During treatment with psoralens, regular evaluation of liver function is needed and drug should be reduced or discontinued if there is any sign of liver damage. The most frequent pharmacological interactions are with other topical or systemic photoactive drugs (e.g., phenothiazine, chlorothiazide and derivatives, sulfonylureas, sulfonamides, neomycin, and bergamot essence). Diet with low (or free) coumarins should also be recommended, which are mainly contained in fig, cedar, lime, parsley, mustard, carrots and celery, and parsnips.

The most frequently observed side effects related to 8-MOP administration include severe burns, gastric distress, nausea, nervousness, insomnia, and depression.

Major contraindications to PUVA therapy are summarized in Table 2.

Absolute Major Relative
Autoimmune diseases Age >10 years Age >16 years
Basal cell carcinoma syndrome Actinic keratosis Bullous skin diseases
Dysplastic nevus syndrome Personal history of nonmelanoma skin cancer Cataract
Personal history of melanoma Previous exposure to UVA >1500 J/cm2 Photosensitization
Porphyry Previous exposure to X-ray or arsenic Photo type I*
Pregnancy and lactation Systemic immunosuppressive therapy Poor compliance
Severe heart failure Renal and/or hepatic failure
Systemic lupus erythematosus; Dermatomyositis
Xeroderma pigmentosum and other congenital defects of DNA repair mechanisms

Table 2.

Contraindications to PUVA therapy.

Photo type I is characterized by pale white skin, blue or hazel eyes, and blond or red hair; patients with photo-type I always have burns, does not tan.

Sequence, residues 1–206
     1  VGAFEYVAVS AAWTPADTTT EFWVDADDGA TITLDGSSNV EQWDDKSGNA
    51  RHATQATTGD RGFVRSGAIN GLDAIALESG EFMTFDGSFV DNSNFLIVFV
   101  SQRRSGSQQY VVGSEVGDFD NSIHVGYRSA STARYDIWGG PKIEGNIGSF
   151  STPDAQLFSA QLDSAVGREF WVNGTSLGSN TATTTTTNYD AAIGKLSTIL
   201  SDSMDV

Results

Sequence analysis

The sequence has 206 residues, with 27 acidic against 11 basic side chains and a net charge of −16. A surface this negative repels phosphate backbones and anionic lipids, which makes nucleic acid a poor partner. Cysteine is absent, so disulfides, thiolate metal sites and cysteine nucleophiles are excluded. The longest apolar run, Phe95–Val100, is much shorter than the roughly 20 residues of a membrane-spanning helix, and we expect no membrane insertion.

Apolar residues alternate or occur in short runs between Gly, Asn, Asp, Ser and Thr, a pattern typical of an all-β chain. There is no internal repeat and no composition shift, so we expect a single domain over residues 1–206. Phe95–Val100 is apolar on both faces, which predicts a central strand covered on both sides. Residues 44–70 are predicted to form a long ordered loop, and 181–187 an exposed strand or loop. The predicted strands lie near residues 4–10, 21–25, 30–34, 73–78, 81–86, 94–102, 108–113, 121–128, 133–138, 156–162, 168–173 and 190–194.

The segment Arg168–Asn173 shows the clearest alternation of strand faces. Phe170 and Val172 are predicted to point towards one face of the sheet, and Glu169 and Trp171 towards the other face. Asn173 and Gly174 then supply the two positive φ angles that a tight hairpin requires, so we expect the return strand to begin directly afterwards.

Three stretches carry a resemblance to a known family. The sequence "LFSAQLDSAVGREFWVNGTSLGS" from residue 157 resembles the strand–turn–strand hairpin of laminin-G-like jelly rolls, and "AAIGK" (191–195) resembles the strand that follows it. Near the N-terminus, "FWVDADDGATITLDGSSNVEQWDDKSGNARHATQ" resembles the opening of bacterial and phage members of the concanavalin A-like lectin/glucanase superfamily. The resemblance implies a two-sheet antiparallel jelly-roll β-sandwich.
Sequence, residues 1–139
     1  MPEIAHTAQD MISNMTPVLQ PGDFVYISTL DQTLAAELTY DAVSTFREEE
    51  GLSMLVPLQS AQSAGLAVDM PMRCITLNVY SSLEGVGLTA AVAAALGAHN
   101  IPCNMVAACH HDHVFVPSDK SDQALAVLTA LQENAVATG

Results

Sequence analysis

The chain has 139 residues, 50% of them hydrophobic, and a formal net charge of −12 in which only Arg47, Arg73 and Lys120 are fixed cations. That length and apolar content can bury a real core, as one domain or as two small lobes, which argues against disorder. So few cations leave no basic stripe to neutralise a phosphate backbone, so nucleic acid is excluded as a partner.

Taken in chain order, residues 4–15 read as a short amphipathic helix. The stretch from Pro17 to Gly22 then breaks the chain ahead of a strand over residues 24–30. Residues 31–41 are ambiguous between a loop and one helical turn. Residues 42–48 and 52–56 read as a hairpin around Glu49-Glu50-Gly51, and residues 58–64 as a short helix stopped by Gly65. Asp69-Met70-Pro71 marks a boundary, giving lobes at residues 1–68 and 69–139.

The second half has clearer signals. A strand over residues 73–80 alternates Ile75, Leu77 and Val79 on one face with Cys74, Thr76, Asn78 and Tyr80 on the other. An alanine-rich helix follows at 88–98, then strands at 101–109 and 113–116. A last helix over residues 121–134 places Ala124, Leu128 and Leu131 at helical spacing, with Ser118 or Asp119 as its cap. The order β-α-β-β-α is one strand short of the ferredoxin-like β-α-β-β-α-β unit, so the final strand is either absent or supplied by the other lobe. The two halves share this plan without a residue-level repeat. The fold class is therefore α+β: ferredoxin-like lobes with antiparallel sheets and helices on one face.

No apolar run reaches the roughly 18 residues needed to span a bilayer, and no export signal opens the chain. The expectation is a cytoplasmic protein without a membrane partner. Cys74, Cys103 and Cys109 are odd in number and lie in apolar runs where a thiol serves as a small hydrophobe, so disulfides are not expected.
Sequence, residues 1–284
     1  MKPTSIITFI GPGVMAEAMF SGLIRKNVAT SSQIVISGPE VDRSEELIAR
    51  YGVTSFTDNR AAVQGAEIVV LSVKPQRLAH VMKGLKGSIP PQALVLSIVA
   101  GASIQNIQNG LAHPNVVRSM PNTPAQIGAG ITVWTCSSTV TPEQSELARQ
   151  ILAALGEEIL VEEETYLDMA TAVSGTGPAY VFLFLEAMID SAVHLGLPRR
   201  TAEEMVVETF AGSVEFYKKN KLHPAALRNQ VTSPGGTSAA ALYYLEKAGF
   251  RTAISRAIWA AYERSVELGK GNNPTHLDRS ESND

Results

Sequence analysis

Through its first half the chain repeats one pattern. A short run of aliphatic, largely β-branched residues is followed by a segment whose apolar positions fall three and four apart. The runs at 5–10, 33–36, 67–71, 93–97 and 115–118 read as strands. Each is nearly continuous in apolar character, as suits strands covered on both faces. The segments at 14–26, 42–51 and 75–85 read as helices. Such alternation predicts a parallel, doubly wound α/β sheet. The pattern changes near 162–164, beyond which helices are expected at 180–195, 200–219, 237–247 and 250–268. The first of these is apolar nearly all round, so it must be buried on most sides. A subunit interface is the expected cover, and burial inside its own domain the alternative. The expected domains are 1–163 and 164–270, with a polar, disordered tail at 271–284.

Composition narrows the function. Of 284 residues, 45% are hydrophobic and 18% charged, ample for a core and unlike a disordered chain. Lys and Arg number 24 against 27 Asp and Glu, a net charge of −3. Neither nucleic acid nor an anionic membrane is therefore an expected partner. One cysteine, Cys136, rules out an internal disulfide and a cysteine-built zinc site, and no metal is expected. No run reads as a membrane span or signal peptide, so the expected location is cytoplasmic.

3. UV irradiation

The most frequently used lamps for phototherapy are fluorescent, low-pressure mercury vapor tubes (e.g., Philips TL/09, Philips CLEO-UVA or Sylvania F 85 tubes) with an emission spectrum ranging from 320 to 450 nm, and an emission peak at 352 nm. PUVA units are either whole-body cabins or small-panel irradiators for the treatments of hands and feet or other restricted areas of the body. To provide consistency and repeatability of treatment doses, it is fundamental to measure the emission by calibrated radiometers-photometers, sensitive to the spectrum emitted by the lamps. Treatment times are automatically calculated on the basis of variables such as (i) total or daily usage time of the lamps, (ii) environmental and patient’s conditions (temperature, humidity, dust, and distribution of adipose tissue), and (iii) presence of other UV sources. When devices devoid of dosimeters are used, the dosage should be calculated according to the formula: Dose (mJ/cm2) = irradiance (mW/cm2) × time (seconds); special tables are then used to calculate the appropriate dosage, according to patient’s phototype. In any case, it is recommended a semiannual or annual assessment of the UVA cabin or panel with external radiometer-photometer calibrated to the National Physics Laboratory, which will provide an adjustment for timing and doses [5, 6].

3.1. Dose assessment